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I went to replace an old mechanical timer for a bathroom extraction fan with a more up to date timer. The new single pole timer has a ground of course (no more mention of that), a black hot, a white neutral and a red load. All good, but when I took out the old timer, the wiring in the box simply had a black and a white wire terminating at the old timer.

Can I connect neutral, white from timer to white house wire and then both black hot and red load from the timer to black house wire?

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  • Can you post photos of the inside of the box please? Is rewiring this circuit an option? – ThreePhaseEel Jun 19 '20 at 11:49
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No. The white wire to the old timer is actually the load, not neutral (and technically should have some black tape over the white insulation to mark it as such).

Unfortunately, your switch box does not have a neutral wire (they were not required in switch boxes until relatively recently, 10-15 years ago).

You need to return the new timer and find one that does not require a neutral connection.

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  • Thank you. I’m on it. – Pronto Jun 20 '20 at 0:57
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This is the classic dilemma when substituting any simple switch for a powered/sophisticated switch. Many light switches in legacy (pre-NEC 2011) homes are wired with switch loops, which bring only "always-hot" and "switched-hot" to the switch - no neutral since plain switches don't need them.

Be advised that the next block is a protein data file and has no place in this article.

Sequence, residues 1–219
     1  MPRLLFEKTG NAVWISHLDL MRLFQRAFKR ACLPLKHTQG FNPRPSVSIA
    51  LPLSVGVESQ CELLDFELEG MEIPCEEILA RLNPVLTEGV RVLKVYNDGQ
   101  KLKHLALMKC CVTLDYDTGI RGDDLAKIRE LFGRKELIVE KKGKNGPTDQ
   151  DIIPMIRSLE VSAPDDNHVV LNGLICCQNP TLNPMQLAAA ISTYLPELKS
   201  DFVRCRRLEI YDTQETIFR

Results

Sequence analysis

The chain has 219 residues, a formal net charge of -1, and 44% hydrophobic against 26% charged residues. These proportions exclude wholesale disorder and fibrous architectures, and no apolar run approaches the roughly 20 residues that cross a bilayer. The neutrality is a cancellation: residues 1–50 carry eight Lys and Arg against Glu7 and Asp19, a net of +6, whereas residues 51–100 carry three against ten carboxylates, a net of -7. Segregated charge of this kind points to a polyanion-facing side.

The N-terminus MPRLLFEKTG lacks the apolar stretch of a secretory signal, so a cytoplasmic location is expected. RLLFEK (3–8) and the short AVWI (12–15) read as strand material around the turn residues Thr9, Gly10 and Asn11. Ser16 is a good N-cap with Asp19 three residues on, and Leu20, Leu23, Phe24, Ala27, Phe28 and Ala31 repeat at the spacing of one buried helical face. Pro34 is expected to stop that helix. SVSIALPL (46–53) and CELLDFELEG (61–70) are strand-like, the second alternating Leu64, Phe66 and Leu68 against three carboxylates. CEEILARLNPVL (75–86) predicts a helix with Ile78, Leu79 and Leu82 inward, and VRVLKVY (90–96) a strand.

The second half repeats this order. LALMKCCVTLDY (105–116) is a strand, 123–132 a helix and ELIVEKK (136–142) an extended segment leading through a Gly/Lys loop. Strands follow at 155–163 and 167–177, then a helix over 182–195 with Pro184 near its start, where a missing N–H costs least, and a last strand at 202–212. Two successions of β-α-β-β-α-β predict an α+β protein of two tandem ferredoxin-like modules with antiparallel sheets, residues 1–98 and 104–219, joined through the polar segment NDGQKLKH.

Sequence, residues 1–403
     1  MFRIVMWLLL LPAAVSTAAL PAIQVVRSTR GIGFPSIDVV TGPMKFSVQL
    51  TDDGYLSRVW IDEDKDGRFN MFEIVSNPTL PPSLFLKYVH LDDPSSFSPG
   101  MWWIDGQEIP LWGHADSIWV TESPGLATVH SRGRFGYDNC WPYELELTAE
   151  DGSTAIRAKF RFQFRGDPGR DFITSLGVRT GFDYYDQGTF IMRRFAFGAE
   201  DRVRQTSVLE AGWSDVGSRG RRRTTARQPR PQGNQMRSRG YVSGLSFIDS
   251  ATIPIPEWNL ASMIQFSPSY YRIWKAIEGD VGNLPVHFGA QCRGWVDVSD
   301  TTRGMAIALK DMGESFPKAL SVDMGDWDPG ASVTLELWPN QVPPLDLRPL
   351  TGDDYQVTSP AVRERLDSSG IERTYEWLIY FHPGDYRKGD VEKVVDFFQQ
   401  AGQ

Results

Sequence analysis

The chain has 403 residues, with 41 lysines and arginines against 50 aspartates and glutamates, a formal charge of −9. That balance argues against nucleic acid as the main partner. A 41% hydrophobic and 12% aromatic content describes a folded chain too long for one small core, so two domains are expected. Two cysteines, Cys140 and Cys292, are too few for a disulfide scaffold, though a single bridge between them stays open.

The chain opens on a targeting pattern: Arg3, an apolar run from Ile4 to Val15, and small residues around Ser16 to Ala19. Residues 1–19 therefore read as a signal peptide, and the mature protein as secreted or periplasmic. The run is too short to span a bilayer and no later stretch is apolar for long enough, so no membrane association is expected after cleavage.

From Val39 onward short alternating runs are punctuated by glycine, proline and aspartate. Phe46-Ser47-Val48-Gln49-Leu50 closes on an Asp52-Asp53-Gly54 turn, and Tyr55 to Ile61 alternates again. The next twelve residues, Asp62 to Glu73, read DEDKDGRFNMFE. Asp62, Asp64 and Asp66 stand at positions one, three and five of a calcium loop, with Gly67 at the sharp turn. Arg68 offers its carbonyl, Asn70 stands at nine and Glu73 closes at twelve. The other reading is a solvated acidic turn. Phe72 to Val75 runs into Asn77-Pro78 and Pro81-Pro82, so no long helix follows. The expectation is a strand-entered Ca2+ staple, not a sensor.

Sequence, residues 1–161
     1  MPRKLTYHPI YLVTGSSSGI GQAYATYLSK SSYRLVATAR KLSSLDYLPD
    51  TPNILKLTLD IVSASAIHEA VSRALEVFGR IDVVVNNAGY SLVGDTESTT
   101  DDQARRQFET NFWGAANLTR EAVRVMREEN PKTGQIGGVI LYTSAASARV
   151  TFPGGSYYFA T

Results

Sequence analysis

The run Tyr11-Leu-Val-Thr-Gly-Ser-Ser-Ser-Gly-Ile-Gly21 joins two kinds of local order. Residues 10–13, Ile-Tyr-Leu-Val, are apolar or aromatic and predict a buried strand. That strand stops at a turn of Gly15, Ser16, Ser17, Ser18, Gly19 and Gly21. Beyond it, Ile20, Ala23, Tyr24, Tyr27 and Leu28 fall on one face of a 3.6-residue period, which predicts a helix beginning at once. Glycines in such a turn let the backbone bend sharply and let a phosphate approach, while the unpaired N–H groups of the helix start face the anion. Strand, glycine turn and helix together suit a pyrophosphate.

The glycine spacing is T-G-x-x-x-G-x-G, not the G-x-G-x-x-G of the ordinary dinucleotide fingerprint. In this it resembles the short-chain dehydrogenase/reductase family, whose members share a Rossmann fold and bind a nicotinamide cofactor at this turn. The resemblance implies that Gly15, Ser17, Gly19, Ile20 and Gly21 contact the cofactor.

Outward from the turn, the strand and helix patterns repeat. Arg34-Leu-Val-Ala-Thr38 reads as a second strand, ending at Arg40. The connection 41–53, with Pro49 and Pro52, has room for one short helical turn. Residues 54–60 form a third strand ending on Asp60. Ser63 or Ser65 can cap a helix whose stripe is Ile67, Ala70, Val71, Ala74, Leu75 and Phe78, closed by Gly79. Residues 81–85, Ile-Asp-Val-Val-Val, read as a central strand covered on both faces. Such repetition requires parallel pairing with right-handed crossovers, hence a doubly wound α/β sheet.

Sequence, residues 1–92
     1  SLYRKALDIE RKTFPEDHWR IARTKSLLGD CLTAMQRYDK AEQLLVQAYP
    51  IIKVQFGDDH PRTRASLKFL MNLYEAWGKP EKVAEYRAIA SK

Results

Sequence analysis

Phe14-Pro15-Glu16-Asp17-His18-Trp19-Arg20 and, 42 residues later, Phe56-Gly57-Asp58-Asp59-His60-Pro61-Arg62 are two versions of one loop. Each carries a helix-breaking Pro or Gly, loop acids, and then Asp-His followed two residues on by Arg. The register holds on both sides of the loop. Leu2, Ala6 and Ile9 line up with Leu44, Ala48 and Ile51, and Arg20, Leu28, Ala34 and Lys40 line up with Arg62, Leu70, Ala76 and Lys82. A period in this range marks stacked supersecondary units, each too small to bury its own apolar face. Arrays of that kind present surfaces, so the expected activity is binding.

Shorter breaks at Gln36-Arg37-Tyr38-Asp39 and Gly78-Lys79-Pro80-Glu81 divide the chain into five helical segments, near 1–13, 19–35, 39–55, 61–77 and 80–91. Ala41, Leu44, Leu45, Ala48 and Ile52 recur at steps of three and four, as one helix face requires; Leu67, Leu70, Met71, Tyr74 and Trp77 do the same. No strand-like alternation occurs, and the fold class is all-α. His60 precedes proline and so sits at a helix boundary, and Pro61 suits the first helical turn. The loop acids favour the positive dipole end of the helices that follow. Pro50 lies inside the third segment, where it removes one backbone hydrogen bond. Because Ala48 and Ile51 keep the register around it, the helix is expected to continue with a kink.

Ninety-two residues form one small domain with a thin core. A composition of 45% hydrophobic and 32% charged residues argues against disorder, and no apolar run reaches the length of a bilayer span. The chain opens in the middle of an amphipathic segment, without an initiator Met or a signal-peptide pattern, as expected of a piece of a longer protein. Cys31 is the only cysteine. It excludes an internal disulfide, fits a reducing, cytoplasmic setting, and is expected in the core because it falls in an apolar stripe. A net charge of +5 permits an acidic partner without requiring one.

You have what is very common - that switch loop with always-hot and switched-hot. The installers did what is now a Code violation by failing to mark the white wire as a hot on both ends. Code also requires the white be used for always-hot if it's not being used for neutral (so it's easier to detect).

The upshot is that you cannot use a "smart switch" unless that smart-switch is designed to not require a neutral wire. And this is something you better get used to, as it's probably true for half the light circuits in your house. As it happens, I just yesterday saw a listing for a GE pushbutton timer of the type you seem to want, which did not require a neutral wire but did require a ground wire. That might suit your needs.

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  • Thanks for that I will look for that GE product or go back to a better rheostat type timer. – Pronto Jun 20 '20 at 0:57
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Without a neutral wire you will have to stay with a mechanical timer which are still available today, or you could rewire the box with a 3 conductor wire from another source.

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